Kresta in the Afternoon – July 29, 2020 – Hour 2

+  Religious freedom is 'foremost' in unalienable rights, US commission reports (2 segments)

+  The Shepherd who Didn't Run

  • Description: July 28 is the Feast of Blessed Stanley Rother, the first martyr born in the US. Known as the “shepherd who didn’t run,” he is known for his work in Guatemala with the Tz'utujil natives. He knew he was being targeted by local death squads, but he refused to abandon his flock. Maria Scaperlanda shares his story.
  • Segment Guests:
    • Maria Scaperlanda
      Maria Scaperlanda is the author of The Shepherd who Didn’t Run and Their Faith Has Touched Us: The Legacies of Three Young Oklahoma City Bombing Victims. She’s an author and blogger who has been published in America Magazine, St. Anthony Messenger, the New York Times, Our Sunday Visitor and other national and regional publications. She’s also the author of Edith Stein: The Life and Legacy of St. Teresa Benedicta of the Cross and other books and a former Director and Vice-President on the Catholic Press Association Board, and a fellow of the Salzburg Global Seminar, an international community of intellectuals. Find her blog at
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    • The Shepherd Who Didn’t Run: Fr. Stanley Rother, Martyr from Oklahoma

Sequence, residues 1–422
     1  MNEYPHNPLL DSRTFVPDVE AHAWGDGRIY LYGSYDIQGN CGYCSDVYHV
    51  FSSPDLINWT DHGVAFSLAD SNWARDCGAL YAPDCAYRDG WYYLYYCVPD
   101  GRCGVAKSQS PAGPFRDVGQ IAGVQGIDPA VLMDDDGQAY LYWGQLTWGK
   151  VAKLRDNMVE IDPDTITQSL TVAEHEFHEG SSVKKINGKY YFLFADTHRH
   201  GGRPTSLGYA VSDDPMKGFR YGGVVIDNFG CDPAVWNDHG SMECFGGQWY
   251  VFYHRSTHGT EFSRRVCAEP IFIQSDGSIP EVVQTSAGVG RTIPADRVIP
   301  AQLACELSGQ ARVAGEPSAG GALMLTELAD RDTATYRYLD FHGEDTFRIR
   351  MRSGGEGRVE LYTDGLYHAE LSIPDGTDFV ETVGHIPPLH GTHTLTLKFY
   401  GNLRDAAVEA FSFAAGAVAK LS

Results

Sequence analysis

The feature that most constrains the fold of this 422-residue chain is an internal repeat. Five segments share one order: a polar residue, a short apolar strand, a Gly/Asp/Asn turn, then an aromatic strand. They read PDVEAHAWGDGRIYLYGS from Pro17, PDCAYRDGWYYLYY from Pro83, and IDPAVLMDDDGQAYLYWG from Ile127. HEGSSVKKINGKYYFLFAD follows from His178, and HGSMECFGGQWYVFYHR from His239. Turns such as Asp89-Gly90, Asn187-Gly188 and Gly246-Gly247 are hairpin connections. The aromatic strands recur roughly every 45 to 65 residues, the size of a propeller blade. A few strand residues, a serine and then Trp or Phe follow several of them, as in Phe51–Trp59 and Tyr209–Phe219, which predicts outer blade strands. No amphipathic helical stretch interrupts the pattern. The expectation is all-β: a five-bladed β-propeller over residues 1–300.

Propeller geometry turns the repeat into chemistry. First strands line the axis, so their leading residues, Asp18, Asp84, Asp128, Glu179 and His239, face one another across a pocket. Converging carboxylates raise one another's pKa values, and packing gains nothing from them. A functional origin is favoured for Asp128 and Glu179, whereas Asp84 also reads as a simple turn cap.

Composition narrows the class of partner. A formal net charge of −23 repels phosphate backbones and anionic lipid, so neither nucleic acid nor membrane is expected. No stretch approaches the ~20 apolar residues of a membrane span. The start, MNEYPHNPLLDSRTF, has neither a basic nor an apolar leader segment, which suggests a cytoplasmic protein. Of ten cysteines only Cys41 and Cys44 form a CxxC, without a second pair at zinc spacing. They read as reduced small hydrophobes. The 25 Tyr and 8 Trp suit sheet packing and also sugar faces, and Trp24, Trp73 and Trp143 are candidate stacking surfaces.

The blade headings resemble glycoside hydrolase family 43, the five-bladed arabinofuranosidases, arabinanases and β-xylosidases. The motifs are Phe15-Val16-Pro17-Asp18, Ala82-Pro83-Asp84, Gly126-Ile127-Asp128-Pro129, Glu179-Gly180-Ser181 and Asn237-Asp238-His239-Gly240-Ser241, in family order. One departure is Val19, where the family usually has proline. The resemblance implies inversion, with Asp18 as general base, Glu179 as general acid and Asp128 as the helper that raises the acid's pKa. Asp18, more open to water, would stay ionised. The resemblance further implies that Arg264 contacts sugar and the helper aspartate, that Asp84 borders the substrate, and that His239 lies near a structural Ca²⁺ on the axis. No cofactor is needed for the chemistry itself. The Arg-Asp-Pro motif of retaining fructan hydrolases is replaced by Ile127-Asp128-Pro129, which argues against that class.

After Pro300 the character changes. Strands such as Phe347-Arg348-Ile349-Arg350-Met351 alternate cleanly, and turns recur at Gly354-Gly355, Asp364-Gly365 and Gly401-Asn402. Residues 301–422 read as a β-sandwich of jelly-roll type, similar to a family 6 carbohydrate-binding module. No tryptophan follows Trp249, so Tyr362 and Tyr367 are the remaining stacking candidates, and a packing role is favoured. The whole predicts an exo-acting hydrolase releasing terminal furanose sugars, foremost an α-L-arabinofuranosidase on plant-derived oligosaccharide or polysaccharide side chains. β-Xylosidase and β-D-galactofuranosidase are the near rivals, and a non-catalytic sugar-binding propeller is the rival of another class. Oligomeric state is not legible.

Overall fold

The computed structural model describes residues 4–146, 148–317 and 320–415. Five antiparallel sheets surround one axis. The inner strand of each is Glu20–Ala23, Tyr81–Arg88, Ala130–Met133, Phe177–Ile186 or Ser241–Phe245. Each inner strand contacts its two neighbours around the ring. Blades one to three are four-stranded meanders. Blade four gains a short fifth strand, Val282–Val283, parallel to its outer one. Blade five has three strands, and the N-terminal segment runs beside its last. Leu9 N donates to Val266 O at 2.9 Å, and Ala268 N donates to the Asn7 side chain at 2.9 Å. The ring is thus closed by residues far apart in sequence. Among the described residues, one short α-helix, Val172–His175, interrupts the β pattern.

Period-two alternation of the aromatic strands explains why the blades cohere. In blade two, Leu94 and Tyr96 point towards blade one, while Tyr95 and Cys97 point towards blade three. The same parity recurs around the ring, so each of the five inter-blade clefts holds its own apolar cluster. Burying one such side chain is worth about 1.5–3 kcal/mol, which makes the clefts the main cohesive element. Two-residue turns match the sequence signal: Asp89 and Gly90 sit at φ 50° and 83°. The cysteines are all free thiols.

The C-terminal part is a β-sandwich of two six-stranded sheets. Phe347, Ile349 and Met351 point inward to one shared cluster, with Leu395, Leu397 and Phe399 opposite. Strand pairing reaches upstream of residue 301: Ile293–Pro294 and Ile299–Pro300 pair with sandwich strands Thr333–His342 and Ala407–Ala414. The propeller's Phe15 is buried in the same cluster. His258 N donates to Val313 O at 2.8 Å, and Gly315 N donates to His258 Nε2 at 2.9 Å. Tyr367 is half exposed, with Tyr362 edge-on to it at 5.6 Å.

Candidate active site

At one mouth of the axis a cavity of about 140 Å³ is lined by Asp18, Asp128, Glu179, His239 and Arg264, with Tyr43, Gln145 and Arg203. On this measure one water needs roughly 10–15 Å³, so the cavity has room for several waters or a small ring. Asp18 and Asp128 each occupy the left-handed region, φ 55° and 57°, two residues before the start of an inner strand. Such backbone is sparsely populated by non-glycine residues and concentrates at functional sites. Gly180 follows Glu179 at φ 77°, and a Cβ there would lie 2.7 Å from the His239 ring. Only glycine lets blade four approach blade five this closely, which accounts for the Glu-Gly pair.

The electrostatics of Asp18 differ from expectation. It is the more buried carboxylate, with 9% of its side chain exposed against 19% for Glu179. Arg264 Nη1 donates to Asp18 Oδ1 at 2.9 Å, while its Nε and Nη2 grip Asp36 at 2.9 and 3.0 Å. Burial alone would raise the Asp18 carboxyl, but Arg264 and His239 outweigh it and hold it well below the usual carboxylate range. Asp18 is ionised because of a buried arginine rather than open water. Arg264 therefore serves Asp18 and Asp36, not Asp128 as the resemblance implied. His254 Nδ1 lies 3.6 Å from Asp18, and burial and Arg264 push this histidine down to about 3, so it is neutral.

"The shepherd cannot run at the first sign of danger." - Fr. Stanley Francis Rother Fr. Stanley Rother was true to his word. He did not run. And was martyred at the age of 46. Fr. Stanley arrived in Guatemala in 1968, and immediately identified with his parishioners' simple, farming lifestyle. He learned their languages, prepared them for the Sacraments, and cared for their needs. Fr. Stanley, or "Padre Francisco" as he was called by his beloved Tz'utujil Indians, had found his heart's calling. After nearly a decade, the violence of the Guatemalan civil war found its way into the peaceful village. Disappearances, killings, and danger became daily occurrences, but despite this unrest Fr. Stanley remained hard at work, building a farmer's co-op, a school, a hospital, and the first Catholic radio station, used for catechesis. In early 1981, his name was on a death list, so he returned to Oklahoma and was warned not to return. But he could not abandon his people, so he went back, and made the ultimate sacrifice for his faith. "Pray for us that we may be a sign of the love of Christ for our people," said Fr. Stanley, "that our presence among them will fortify them to endure these sufferings in preparation for the coming of the Kingdom." (learn more)

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